Saturday, April 09, 2011

Google ties bonuses to 'social' success, showing concerns over Facebook

Neither Apple (Ping) or Google has been successful at their attempts at entering the social space dominated by Facebook. Google is apparently so concerned about Facebook, that it has tied employees' compensation to success in social.

It's a radical change. Previously, it had been made known that Google was going all out to keep employees at the company with some generous retention bonus plans. But that was under then-CEO Eric Schmidt.

Office Depot
Google co-founder Larry Page just took over the reins as CEO this week, and things are a-changing.

Here's what the memo, obtained via screenshot by BI, says in part:
For Googlers on the Company Plan, the multiplier has both an upside and a downside. It can range from 0.75 to 1.25 depending on how well we perform against our strategy to integrate relationships, sharing and identity across our products. If we’re successful, your bonus could be up to 25% bigger. If not, your bonus could be as much as 25% less than target. We all have a stake in the success of this effort and this multiplier is designed to reflect that.
This includes those not directly involved in social. In fact, those not directly involved in social have a responsibility to help, as well. As BI also points out, all employees must test the products and give feedback. They must also try to push the products onto friends and family.
"When we release products, try them and encourage your family and friends to do the same."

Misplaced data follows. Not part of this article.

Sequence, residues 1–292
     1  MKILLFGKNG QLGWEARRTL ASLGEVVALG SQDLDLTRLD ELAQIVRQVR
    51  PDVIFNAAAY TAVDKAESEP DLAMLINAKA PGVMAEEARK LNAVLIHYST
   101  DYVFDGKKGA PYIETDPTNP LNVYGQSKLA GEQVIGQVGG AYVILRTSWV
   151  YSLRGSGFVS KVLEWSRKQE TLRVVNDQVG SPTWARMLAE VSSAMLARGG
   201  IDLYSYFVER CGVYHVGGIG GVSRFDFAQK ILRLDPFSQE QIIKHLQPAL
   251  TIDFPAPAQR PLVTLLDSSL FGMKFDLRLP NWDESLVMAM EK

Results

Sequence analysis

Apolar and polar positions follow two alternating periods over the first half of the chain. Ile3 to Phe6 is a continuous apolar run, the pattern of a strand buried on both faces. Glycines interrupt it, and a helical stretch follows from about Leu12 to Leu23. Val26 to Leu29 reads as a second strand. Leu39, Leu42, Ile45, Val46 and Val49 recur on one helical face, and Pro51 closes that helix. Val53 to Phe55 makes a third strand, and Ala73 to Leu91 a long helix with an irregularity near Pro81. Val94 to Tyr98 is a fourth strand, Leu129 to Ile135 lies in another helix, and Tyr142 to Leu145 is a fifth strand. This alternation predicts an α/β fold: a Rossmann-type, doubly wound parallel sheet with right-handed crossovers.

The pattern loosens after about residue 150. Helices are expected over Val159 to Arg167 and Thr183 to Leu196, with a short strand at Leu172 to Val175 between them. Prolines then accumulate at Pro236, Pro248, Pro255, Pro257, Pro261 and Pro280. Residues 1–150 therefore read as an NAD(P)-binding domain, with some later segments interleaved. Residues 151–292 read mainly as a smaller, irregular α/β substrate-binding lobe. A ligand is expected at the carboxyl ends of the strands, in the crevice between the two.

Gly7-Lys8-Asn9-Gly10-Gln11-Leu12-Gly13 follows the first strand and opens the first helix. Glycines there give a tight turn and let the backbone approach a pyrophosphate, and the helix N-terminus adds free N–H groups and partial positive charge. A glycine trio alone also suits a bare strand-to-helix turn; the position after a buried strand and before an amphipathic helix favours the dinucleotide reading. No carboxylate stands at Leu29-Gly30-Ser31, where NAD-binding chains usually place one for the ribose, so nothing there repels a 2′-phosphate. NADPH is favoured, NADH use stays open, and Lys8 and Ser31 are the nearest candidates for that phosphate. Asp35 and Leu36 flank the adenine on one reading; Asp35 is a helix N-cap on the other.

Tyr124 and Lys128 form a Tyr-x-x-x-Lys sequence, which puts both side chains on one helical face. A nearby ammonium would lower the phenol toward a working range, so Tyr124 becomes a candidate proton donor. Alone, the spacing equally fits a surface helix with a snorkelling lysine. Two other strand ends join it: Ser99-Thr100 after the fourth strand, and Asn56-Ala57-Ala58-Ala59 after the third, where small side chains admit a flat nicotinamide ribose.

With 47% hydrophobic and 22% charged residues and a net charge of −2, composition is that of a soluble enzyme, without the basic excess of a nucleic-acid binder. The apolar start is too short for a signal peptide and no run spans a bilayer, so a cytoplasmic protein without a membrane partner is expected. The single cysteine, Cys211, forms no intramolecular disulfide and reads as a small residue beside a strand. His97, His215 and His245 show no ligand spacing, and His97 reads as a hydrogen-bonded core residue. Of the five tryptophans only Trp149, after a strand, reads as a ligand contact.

Google’s struggles in social are well-known in the industry, but perhaps not among the public, which is why they failed: no one tried them, or at least, no one stuck with them. Google Wave has already been shut down, and Google Buzz has caused the company a number of headaches, and not as much positive Buzz as it might have wanted. While Google bought services like Jaiku and Dodgeball, it later closed both.

This internal FAQ shows, although not explicitly, that Google has serious concerns about rival Facebaok.

In addition to the above, several promotions were made, in an attempt to streamline product development. Those promotions include Andy Rubin, now senior vice president of mobile; Vic Gundotra, now senior vice president of social; Sundar Pichai, now senior vice president of Chrome; Salar Kamangar, now senior vice president of YouTube and video; Alan Eustace, now senior vice president of search; and Susan Wojcicki, now senior vice president of ads.

These moves are consistent with the company's stance when it was announced Page would take over as CEO. When Google announced Page would become CEO, the company was also clear that Page's priority would be to create clear lines of communication, accountability and responsibility across the company.



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